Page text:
dust. Just as the predicate of a nominal clause is used in a very loose manner (§ 154e), a verbal clause
with a double object is likewise used in a very loose manner. Thus it is used for: 1) the thing and the
matter of which it is made: Ct 3.10 ‫ָ֫כ ֶסף‬ ‫מּוּדיו ָﬠ ָשׂה‬
ָ ‫ ַﬠ‬he made its pillars (from) silver; Dt 27.6
‫את־מזְ ַבּח יהוה‬
ִ ‫ ֲא ָבנִ ים ְשׁ ֵלמוֹת ִתּ ְבנֶ ה‬it is (from) whole stones that you shall build the altar of Y.
(the second object in first position for emphasis); 1Sm 28.24 ‫ַמצּוֹת‬ ‫ וַ תּ ֫ ֵֹפהוּ‬and she baked unleavened
cakes from it; 2) the word ‫ ֵשׁם‬name and a proper noun: Gn 30.6 ‫ָדּן‬ ‫ ָק ְר ָאה ְשׁמוֹ‬she called his name
Dan; 3) the thing counted and the number: Ex 25.37 ‫ִשׁ ְב ָﬠה‬ ‫יה‬
ָ ‫ וְ ָﬠ ִ֫שׂית את־נֵ ר ֶֹ֫ת‬and you shall make
its lamps (to the number) of seven; 2Sm 14.26b. The same is probably true for ‫ ִמ ְס ָפּר‬number: Jb 1.5();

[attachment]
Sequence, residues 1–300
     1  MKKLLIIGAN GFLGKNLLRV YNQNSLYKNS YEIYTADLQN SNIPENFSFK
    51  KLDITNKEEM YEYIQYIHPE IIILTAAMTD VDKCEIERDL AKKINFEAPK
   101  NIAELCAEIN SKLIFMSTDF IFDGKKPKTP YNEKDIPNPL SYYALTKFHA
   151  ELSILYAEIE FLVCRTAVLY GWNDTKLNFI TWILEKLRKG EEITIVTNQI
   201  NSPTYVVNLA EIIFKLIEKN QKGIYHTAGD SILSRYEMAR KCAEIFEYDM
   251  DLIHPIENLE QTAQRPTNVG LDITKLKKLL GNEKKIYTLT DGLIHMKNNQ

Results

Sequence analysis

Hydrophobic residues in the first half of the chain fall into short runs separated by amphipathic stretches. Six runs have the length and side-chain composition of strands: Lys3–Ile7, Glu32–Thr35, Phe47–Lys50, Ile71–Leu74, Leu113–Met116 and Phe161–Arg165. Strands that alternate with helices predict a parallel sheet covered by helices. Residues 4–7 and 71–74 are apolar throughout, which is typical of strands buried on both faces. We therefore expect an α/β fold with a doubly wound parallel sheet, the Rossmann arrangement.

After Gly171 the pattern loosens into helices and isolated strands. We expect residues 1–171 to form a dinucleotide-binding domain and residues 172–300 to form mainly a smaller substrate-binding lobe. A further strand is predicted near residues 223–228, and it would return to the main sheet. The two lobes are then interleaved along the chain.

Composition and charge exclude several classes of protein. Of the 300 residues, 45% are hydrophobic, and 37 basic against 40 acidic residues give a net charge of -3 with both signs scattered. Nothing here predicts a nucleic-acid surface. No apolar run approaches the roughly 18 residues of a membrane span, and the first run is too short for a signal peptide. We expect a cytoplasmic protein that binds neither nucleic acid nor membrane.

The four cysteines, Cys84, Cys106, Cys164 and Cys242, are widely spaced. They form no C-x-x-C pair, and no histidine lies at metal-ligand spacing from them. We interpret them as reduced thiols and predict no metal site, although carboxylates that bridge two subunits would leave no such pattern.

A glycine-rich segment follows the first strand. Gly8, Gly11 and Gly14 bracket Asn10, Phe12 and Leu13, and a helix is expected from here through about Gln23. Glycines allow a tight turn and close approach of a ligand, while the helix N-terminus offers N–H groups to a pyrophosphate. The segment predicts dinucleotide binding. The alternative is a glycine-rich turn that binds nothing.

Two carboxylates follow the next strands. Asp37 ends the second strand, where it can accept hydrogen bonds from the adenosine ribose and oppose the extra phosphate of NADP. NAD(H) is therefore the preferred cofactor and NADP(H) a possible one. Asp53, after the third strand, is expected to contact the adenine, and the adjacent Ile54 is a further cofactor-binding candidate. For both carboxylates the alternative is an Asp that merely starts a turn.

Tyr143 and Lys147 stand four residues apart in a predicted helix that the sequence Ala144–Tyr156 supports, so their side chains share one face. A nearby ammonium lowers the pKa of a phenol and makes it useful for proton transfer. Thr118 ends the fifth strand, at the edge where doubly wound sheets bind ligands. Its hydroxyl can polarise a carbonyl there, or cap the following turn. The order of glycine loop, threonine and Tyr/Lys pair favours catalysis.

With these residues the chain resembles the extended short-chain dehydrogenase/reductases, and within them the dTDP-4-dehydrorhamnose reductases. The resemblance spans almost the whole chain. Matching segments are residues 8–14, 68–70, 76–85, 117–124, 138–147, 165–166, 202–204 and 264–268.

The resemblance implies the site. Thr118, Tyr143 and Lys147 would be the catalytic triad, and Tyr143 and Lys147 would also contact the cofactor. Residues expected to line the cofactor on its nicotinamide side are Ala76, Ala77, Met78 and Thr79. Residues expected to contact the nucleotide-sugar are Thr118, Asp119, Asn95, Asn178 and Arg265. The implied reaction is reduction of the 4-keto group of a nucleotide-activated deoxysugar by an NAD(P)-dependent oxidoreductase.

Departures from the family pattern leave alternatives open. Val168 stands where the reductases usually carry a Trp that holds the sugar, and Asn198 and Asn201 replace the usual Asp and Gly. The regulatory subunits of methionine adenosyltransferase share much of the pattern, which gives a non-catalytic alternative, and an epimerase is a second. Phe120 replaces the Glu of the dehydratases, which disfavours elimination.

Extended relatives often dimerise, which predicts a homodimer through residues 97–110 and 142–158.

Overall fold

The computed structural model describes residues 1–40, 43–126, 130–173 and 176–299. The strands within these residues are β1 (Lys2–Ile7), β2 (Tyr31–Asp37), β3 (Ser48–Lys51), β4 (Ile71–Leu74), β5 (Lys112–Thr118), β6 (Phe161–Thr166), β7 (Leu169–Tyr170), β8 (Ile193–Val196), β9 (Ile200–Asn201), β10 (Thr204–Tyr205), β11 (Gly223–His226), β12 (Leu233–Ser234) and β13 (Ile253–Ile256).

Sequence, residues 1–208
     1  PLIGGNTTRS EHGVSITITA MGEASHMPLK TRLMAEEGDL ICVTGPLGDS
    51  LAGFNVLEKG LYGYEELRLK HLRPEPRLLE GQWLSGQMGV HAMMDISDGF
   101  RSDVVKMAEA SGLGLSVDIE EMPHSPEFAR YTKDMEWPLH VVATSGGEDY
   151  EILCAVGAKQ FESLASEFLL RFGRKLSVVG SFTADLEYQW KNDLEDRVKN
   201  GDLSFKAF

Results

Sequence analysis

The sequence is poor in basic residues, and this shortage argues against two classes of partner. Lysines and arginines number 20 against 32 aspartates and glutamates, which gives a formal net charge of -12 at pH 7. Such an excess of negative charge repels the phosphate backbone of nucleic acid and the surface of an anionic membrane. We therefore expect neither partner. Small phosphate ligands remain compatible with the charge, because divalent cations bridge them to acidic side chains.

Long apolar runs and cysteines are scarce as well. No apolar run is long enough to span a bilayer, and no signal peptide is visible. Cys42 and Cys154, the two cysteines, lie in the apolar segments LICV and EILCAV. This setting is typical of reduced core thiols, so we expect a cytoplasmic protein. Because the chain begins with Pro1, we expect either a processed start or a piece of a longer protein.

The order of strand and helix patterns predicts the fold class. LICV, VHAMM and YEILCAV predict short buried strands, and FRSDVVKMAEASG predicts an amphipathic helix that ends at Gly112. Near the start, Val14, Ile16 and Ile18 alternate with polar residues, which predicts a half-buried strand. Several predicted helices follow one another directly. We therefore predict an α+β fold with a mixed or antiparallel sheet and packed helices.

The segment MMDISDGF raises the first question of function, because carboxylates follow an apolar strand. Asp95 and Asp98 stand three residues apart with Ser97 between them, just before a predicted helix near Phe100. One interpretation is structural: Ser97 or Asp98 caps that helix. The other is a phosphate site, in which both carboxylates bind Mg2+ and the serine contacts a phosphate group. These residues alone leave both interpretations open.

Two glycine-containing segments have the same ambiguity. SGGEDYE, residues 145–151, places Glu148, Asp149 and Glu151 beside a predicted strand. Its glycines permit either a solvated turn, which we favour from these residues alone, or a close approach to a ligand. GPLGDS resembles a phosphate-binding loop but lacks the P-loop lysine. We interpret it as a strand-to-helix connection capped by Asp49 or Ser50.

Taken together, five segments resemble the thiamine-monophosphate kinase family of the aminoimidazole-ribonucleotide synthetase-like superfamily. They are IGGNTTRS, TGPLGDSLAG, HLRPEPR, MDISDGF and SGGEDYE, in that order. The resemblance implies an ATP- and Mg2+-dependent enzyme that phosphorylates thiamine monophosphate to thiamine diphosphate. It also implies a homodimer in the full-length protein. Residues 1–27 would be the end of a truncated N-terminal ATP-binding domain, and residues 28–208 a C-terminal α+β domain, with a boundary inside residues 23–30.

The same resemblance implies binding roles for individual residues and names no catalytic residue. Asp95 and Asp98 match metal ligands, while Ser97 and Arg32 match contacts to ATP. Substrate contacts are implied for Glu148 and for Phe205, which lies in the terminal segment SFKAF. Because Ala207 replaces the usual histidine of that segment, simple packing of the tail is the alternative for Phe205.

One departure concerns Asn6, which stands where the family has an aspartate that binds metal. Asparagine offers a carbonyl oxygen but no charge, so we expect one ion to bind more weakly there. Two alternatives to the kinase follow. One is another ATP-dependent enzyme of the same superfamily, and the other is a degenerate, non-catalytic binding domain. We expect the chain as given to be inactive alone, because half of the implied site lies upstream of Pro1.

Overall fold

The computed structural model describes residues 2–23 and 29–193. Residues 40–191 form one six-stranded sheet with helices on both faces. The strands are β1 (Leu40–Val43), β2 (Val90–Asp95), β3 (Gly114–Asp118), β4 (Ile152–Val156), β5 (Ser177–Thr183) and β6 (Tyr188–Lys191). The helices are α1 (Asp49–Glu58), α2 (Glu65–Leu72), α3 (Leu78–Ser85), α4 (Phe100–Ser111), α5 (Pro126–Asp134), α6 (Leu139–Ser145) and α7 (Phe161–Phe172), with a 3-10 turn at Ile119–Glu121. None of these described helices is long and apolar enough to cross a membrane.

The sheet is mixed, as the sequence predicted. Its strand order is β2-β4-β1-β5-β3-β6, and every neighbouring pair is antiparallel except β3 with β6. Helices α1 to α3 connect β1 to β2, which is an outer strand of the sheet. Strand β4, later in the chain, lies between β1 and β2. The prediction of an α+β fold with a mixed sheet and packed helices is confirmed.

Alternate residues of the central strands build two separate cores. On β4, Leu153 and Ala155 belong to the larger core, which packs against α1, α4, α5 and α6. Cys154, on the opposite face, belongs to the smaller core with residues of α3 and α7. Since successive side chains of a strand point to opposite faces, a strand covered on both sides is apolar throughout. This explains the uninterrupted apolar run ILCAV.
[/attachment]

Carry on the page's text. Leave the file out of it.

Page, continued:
Ex 16.16; 1Sm 6.4 (‫ מספּר‬in first position; in vs. 18 as predicate of a nominal clause, and likewise Jr
2.28, § 154e, 4).
3) The clause which is the basis of the construction with the two accusatives, however, is not
necessarily a nominal clause, as it was in these last mentioned cases. Rather it is a verbal clause with
the verb ‫ ָהיָ ה‬in the sense of to become. Thus a clause like ‫֫ ֶפּ ֶסל‬ ‫ ַה ֶ֫כּ ֶסף ָהיָ ה‬the silver has become a
statue, consisting of a subject, the verbal predicate ‫ ָהיָ ה‬, and a predicative() (complement of the
predicate, cf. § 126a), becomes, with a verb having a causative meaning cause to become etc., make,
‫ ָﬠ ָשׂה ַה ֶ֫כּ ֶסף ֫ ֶפּ ֶסל‬he has made the silver a statue, where the subject becomes the first object, and the
predicative the second object. Thus a second accusative of the thing produced, which incidentally
does not take ‫את‬, is often found with verbs() like ‫ ָﬠ ָשׂה‬to make, ‫ שׂוּם‬/ ‫ ִשׁית‬to place etc., and ‫ נָ ַתן‬to

put, to give: Jdg 17.4 ‫֫ ֶפּ ֶסל‬ ‫ וַ יַּ ֲﬠ ֵ֫שׂהוּ‬and he transformed it (= the silver) (into) a statue; also with
‫ ָﬠ ָשׂה‬: Gn 27.9; Nu 11.8; 17.3; Ho 8.4; Ps 104.4. With ‫שׂוּם‬: 1Sm 8.1 ‫את־בּנָ יו שׁ ְֹפ ִטים‬
ָ ‫ וַ ָ֫יּ ֶשׂם‬and he
made his sons judges; Gn 28.18 ‫ַמ ֵצּ ָבה‬ ‫ וַ ָ֫יּ ֶשׂם א ָֹתהּ‬he set it (= the stone) for a pillar, and likewise